Credits: Meg Grant
Year of Invention: 2014
Description: One of the tasks of a good pattern-maker is to optimize pattern piece layout to reduce waste. If you loved playing Tetris, you will love pattern layout! In the garment industry, a few centimeters can translate to measurable savings when scaled up for production.
Over the last decade or so, a small but exciting movement called Zero-waste has grown among apparel designers. The off-cuts, selvedge edges and “negative space” of pattern layout are often used decoratively in zero-waste design, but the most exciting part is when the geometry of flat pattern pieces are designed to fit together to eliminate negative space (waste) altogether. This principle is even more important when we are using textiles plated with heavy metals that we want to keep out of the waste stream.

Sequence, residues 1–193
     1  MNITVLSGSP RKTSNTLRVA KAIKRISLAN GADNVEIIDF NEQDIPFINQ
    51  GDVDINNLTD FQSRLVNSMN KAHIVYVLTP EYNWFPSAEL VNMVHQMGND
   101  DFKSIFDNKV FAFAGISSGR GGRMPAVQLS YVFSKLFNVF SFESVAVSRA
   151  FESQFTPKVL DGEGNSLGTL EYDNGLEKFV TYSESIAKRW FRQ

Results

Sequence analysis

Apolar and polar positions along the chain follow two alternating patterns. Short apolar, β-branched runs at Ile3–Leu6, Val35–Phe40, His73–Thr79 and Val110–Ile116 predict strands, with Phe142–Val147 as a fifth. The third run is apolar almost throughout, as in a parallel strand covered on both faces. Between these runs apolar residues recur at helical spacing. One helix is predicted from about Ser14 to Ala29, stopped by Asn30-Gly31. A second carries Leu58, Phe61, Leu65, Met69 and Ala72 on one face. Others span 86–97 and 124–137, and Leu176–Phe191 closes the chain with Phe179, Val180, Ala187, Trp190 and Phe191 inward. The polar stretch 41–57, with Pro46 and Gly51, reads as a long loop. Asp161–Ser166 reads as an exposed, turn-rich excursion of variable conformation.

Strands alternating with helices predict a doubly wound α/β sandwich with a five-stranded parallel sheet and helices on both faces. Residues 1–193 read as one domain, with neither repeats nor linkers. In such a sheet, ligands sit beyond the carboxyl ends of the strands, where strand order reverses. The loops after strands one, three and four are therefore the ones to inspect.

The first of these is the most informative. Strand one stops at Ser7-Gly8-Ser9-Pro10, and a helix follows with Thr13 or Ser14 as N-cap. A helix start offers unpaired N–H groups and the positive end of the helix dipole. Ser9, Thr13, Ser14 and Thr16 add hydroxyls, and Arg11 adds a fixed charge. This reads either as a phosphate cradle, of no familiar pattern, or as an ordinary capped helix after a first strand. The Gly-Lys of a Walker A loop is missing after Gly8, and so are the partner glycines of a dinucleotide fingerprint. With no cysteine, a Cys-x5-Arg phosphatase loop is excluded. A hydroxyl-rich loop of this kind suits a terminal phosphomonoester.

This pressure sensor, made by sandwiching a piece of pressure-sensitive film between two conductive surfaces, will be familiar to e-textile practitioners. It’s based on the time-honoured tradition of conductive and pressure-sensitive resistive materials, shown in Plusea’s Conductive Fabric Pressure Sensor Instructable. The connector on this sensor has three pins, but only the outside two are active.
Materials: Conductive fabric, pressure-sensitive film, non-woven and woven fabrics, clincher connector.
Techniques: Laser cutting, heat-bonding, sewing
Dimensions: 105mm x 23mm
Pattern diagram for 32 pressure sensors:
Pattern pieces cut from conductive textile. Shaded area shows pattern pieces for a single sensor. The outer edges extend beyond the edges of the textile.
Conductive pattern pieces positioned on the fabric of the sensor make up the circuit.
The circuit is folded over pressure-sensitive or piezo-resistive textile to form the sensor. Sides are stitched closed and ends are terminated.